Razor Clam Linguine

Warm and hearty dishes tend to be most sought-after in cold weather. Stews and soups might be go-to meals to warm us up in winter, but a rich dish of pasta featuring a savory, slightly spicy sauce and fresh clams can add a touch of heat that warms from within.

This recipe for “Razor Clam Linguine” from “Edible Seattle: The Cookbook” (Sterling Epicure) by Jill Lightner is sure to please this winter. While linguine is the pasta of choice in the recipe, spaghetti can be a suitable substitute. For a decorative touch, consider placing a few steamed clams on top of the plated pasta for instant impact if hosting guests.

Razor Clam Linguine

Serves 4


1⁄2 stick unsalted butter

1⁄4 cup extra-virgin olive oil

1    cup finely chopped onions

2    cloves garlic, minced


    Freshly ground black pepper

1    cup dry white wine

3⁄4 pound linguine

1  1⁄2 cups chopped (1⁄2-inch) razor clam meat

1    cup finely chopped fresh parsley

1    tablespoon chopped fresh oregano

    Red pepper flakes (up to 1 tablespoon)

1⁄2 cup grated parmesan cheese, plus more for garnish


Bring a large pot of salted water to a boil for the pasta.

Heat the butter and olive oil together in a large saucepan over medium heat until the butter melts. Add the onions and garlic, season to taste with salt and black pepper and cook until almost tender, about 5 minutes, stirring a few times. Adjust the heat to medium-low, add the wine, and simmer until the liquid reduces by about two-thirds, about 10 minutes. When you add the wine, add the pasta to the boiling water and cook according to the package instructions.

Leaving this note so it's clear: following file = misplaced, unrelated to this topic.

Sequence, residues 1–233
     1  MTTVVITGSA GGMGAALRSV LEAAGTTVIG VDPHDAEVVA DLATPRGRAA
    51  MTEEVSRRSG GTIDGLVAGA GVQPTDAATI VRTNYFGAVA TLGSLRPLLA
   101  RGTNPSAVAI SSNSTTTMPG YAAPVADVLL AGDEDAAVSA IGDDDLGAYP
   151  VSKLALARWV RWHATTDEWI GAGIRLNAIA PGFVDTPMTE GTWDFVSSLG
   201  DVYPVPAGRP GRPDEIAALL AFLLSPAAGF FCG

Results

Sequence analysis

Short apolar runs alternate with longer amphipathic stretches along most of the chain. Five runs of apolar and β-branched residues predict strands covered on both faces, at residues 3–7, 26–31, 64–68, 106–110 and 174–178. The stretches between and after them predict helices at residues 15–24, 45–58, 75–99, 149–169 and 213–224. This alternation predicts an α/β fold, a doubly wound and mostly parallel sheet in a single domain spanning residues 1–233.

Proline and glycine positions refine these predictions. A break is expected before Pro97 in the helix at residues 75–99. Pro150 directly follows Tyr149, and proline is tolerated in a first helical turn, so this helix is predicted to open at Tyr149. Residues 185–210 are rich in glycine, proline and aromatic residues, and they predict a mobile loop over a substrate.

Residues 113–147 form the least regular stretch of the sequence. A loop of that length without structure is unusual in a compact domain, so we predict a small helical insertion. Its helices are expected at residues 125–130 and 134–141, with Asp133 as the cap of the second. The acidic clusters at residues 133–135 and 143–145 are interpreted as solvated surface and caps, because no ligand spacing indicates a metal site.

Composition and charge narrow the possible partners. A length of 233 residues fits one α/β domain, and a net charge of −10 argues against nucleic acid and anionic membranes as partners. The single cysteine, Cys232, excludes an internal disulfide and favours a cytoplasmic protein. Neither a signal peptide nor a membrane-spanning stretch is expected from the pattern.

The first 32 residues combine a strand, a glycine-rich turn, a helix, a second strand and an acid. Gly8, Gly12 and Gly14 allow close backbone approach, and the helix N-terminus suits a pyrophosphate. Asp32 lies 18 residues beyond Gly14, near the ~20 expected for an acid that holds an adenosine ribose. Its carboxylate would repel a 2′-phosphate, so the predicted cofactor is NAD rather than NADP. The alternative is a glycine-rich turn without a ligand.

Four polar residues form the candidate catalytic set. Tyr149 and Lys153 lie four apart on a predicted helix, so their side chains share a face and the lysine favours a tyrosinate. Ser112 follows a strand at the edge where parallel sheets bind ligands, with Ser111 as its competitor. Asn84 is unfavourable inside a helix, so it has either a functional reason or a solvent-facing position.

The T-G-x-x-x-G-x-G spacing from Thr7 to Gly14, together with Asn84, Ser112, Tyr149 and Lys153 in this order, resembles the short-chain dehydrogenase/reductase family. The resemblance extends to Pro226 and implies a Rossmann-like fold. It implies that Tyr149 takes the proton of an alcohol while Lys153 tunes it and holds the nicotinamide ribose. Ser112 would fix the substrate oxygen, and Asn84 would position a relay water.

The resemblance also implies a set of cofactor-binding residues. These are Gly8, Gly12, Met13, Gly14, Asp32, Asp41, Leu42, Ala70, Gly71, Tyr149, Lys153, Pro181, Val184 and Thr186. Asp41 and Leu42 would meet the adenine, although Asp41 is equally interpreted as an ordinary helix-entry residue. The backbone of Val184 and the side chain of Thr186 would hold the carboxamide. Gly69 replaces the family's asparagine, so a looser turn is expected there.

Add the clams, parsley, oregano, and red pepper to taste to the reduced sauce; simmer for 2 to 3 minutes to heat the clams through. Taste for seasoning and add more salt and black pepper if needed.

Drain the pasta and transfer to a large serving bowl. Add the sauce and parmesan cheese and toss until well mixed. Serve immediately, topped with more cheese, if desired.

Cleaning tip: Drop clams into boiling water for a few seconds until their shells pop open. Snip off the tough, skinny neck; slice them lengthwise and cut out all the dark, digestive bits, leaving the white meat. Give them a final rinse to remove any last bits of sand.

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